We often talk about hospitals, systems, and IDNs that increase their SKUs (stock keeping units) by as much as 13% to 25% in just one quarter. This seems like a dizzying rate of inflation, or what we like to call, hospital supply chain proliferation disease.
Complexity in Hospital Supply Chain
After researching this challenge (e.g., buying and stocking too much stuff), we have come to the conclusion that this problem is due to too much complexity in a hospital’s supply streams. Your customers want the latest gadgets, baubles, and features on their products or multiple products. These products meet the same functions and this makes buying, storing, and counting this stuff too complex for them and us, not to mention, the extraordinary cost of too much complexity for your healthcare organization.
Clearly, supply chain professionals (SCP) need to quantify the cost and quality impact of this complexity on their hospital’s bottom line because too much variation in your products causes too many defects (or errors) and unnecessary costs upstream and downstream. One quality expert says that too much complexity can cost your hospital 15% of its revenues. For instance, we generally find that hospitals have too many and too feature-rich I.V. sets that can be reduced dramatically if supply chain professionals would take the time to quantify and then functionally analyze this product category with their customers.
We don’t have the answer to the question, “What’s the right amount of complexity?” since every healthcare organization is different. We are currently working with a children’s hospital that has very complex product requirements, but even this hospital has reduced the complexity of their products by millions of dollars a year by functionally analyzing their big ticket purchases. Nonetheless, we like to say that you will know when you have the right amount of complexity in your products when you can’t find a product that doesn’t meet the exact functional requirements for your customers.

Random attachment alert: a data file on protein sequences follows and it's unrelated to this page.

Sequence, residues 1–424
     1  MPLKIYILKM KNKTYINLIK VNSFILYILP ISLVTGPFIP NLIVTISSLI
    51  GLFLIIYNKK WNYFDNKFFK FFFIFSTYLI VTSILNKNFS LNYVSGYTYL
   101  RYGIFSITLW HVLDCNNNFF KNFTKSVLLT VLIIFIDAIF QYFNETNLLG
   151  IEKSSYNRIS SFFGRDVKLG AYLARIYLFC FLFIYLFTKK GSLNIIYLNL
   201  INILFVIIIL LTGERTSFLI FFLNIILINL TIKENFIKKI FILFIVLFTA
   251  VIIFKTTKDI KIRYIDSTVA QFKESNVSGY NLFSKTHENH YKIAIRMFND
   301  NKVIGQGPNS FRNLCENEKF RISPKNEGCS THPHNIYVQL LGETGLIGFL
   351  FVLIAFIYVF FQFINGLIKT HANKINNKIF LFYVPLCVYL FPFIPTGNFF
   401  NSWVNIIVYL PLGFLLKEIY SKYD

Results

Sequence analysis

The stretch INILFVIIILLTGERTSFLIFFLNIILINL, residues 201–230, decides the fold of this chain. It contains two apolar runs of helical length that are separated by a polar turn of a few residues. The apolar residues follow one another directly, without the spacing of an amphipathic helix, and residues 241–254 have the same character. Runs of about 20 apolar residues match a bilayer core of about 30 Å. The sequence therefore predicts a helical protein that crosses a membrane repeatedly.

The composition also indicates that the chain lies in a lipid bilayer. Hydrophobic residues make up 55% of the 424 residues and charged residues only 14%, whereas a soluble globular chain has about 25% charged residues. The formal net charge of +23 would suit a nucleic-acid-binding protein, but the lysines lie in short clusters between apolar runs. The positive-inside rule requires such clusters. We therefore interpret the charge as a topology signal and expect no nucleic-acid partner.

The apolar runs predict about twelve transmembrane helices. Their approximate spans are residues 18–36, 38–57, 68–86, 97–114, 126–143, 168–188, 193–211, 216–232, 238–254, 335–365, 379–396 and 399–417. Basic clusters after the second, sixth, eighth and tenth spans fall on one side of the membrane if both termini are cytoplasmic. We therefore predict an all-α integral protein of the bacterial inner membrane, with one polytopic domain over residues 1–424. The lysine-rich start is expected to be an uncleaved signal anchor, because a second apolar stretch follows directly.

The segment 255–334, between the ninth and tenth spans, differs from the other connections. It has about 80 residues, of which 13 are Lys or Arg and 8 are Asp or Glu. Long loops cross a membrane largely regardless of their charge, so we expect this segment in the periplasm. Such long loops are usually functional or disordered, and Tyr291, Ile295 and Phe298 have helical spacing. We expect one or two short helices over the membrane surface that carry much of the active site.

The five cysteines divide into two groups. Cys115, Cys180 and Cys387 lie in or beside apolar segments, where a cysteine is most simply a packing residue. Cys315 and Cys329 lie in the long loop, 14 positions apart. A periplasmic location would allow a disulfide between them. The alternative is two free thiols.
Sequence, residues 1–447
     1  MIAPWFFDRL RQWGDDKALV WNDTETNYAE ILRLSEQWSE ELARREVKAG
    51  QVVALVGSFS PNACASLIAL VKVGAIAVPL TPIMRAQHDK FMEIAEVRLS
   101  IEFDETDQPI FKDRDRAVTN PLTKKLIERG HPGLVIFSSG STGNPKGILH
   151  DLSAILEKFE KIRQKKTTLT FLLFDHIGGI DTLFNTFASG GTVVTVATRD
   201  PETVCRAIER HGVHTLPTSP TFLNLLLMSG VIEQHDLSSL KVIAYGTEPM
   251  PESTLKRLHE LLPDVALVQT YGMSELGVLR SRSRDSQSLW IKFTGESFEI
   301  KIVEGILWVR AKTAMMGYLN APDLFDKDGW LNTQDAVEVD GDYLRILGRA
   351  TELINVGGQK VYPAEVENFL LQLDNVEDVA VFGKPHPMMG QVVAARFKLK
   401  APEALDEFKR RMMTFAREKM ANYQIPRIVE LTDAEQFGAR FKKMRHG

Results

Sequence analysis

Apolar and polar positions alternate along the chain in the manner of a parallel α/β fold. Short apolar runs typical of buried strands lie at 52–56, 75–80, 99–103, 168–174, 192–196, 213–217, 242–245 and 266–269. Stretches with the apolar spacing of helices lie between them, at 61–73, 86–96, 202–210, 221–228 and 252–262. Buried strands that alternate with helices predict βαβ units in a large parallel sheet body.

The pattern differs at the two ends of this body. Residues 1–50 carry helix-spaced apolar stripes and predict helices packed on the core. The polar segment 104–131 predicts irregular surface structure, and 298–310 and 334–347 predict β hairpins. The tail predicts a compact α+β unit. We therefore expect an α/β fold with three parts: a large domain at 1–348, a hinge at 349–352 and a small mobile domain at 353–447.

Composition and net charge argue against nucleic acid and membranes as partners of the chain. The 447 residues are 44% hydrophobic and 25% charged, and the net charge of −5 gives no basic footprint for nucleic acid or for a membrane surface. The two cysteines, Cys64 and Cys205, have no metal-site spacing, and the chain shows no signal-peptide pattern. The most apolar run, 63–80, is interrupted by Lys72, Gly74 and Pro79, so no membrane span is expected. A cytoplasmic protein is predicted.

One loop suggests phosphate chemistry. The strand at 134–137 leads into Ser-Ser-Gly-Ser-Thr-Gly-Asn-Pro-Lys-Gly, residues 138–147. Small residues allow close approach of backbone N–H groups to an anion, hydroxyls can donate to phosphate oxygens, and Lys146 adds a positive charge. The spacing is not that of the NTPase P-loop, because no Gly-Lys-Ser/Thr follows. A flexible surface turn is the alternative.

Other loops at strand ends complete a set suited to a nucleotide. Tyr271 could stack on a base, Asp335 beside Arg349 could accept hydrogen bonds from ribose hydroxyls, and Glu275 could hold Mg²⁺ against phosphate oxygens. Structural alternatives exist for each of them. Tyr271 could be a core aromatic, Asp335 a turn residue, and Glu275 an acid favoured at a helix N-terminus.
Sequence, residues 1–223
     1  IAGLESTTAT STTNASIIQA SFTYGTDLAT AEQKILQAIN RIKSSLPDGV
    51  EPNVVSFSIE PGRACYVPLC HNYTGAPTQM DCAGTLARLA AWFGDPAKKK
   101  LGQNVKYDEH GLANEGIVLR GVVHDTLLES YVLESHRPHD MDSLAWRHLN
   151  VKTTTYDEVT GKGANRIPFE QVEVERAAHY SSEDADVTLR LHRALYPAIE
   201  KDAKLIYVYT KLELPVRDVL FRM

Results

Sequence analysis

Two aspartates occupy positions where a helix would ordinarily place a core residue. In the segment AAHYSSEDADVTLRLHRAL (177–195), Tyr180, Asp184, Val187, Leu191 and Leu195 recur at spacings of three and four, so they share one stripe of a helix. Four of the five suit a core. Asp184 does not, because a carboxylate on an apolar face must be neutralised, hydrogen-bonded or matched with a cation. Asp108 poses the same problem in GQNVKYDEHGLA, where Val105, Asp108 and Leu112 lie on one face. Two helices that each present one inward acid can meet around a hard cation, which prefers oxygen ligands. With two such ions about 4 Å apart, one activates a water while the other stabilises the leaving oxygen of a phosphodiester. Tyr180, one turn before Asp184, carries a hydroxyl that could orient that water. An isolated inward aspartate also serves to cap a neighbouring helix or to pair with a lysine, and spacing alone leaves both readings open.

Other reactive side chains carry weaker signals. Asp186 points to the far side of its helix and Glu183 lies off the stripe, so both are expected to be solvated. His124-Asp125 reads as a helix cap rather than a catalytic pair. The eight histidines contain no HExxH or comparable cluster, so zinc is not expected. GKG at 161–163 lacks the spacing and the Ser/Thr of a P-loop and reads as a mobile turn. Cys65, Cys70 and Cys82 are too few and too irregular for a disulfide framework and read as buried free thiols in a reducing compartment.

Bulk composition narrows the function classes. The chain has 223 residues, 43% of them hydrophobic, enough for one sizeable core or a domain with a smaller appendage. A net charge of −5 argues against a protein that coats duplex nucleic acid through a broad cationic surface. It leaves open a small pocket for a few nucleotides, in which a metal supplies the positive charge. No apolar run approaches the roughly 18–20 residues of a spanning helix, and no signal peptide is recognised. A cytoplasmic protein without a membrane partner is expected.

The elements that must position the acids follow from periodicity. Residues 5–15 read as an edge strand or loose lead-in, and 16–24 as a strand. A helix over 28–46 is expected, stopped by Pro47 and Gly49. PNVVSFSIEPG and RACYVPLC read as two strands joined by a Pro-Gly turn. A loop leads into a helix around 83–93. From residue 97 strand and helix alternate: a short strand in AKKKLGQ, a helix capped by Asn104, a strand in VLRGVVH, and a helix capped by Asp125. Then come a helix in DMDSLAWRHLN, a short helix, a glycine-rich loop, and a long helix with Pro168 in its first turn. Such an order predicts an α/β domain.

Functionally Analyze What is Required
A decade or so ago, most hospitals had a printed (on paper) formulary of their product portfolio which was easy to review for duplicates, non-conformance, and extravagances. Now, this seems to be a lost technique to identify and manage your product portfolio. In lieu of this lost document, we would recommend that you do an ABC analysis (run a query of the highest to lowest dollar products you buy annually) and then functionally analyze what is absolutely, positively necessary for your customers to get their jobs done. This is the first step in product portfolio management in order to reduce the complexity of the products you are buying. But not the only step…
Hospital Supply Chain Professionals Can Prevent Product Proliferation Disease
Our goal with product portfolio management is not only to manage the complexity of the products we have already bought, but to close the door tight on the any and all new products that are being requested. Remember this fact: There are very few new products in the marketplace, just variations of similar products that are already on the market. So don’t increase the complexity of your product portfolio unless it is proven with evidence that what you are buying is really new, different, and more efficient or cost effective than what you now have in your product portfolio. That’s how you avoid the product proliferation disease that is epidemic at most hospitals today!